And as on land, so on water - a friend must greet a friend. We found ourselves being introduced to a crocodile 'yaar' with these heartening words, 'So, Ramu, which little missy would you like to eat!'
My parents, when they later saw the video, were aghast. To go so close to a crocodile, even a somnolent one, oblivious to the world on his warm bed of rock, was to tempt Fate. Luckily, the crocodile was in contented dreamland under the noonday sun and did not see lunch moving away.
The boat floated away in another direction and slowed as the boatman pointed towards the bank and hissed, "Peacocks, up on that tree." Our eyes squinted and struggled to focus. Yes - three peacocks with long beautiful plumage were sitting on a tree at a fair height up from the ground. As we watched, one of them suddenly screeched and took flight.
Flapping, in an endearingly ungainly manner, it crossed the stretch of water, landing with heart-warming clumsiness on some bushes on an islet.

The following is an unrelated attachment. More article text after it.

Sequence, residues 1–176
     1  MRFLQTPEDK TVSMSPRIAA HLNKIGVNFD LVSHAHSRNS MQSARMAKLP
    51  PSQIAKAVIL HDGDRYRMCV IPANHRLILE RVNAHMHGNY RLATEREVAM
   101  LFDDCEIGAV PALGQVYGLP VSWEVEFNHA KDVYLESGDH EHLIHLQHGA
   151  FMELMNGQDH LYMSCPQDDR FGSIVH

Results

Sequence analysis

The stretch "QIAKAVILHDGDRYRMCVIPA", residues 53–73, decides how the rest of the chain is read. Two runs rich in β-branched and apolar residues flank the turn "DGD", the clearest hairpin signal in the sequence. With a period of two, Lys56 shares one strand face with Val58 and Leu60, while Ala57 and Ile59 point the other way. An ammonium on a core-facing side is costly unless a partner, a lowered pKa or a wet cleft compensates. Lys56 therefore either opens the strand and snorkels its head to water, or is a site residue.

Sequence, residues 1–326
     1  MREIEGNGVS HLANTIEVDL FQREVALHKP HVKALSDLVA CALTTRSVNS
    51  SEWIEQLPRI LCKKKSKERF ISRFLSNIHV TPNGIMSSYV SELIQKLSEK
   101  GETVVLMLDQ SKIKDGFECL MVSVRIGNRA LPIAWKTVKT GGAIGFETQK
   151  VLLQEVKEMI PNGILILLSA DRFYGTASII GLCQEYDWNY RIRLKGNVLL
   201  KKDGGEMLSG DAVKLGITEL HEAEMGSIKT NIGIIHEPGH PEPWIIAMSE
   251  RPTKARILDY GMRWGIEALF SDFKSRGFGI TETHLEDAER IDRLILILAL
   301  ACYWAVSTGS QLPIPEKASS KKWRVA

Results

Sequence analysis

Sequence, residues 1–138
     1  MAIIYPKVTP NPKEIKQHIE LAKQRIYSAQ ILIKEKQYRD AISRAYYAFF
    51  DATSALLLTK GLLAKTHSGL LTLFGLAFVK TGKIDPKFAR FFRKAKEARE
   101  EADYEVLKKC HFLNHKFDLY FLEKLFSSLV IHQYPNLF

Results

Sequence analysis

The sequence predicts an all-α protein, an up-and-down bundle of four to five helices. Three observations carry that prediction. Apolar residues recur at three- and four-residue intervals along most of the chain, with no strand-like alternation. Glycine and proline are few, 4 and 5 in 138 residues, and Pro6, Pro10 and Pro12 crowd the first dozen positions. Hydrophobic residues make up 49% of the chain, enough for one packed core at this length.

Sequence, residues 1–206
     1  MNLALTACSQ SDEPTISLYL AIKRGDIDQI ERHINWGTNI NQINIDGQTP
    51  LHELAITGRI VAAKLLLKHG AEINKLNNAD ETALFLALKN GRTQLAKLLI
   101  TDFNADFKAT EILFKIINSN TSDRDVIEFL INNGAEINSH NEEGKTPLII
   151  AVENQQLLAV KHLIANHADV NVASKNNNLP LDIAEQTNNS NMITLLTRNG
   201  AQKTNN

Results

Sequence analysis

We had never before seen a peacock fly across water before. We sat staring at the bird with bemused smiles. As it had dashed across, propelling its large, brilliant purple, blue, green self over our heads, we had been filled with quick consternation. The sparkling liquid spread between bank and islet had seemed too wide for this big bird. But we had been mistaken.
The boatman laughed at our confusion. Maybe, somewhere, the souls of Salim Ali and a hundred other ornithologists too did the same.
Click! Snap! Record!??' No, we had no time for that. For when a peacock wants to fly, it does not wait for such flippancy. A bird takes wing, a bird begins to sing, not for cold cash or photographic archive. It flies, it sings, because it is a living thing.
The flight of that Peacock, remains for us, the most evocative memory of our visit to the Bird Sanctuary of Ranganathittu - to be added to that Kaleidoscope of Memories that we must keep safe. Wrapped in white matter, grey matter......
Editor: Romola Butalia   (c) India Travelogue. All rights reserved.